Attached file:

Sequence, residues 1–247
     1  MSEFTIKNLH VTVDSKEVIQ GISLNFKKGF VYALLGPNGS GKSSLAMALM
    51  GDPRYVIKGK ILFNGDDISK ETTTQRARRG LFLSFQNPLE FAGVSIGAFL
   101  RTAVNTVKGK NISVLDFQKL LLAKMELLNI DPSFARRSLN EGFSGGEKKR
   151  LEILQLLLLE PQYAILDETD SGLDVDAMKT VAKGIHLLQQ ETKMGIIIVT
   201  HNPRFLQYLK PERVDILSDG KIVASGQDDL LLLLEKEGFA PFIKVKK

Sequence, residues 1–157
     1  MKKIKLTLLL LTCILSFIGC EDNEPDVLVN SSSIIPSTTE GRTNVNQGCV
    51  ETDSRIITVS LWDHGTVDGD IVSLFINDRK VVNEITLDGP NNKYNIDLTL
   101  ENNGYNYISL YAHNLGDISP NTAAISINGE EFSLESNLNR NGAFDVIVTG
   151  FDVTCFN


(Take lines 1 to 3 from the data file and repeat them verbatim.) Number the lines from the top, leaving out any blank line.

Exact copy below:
Sequence, residues 1–247
     1  MSEFTIKNLH VTVDSKEVIQ GISLNFKKGF VYALLGPNGS GKSSLAMALM
    51  GDPRYVIKGK ILFNGDDISK ETTTQRARRG LFLSFQNPLE FAGVSIGAFL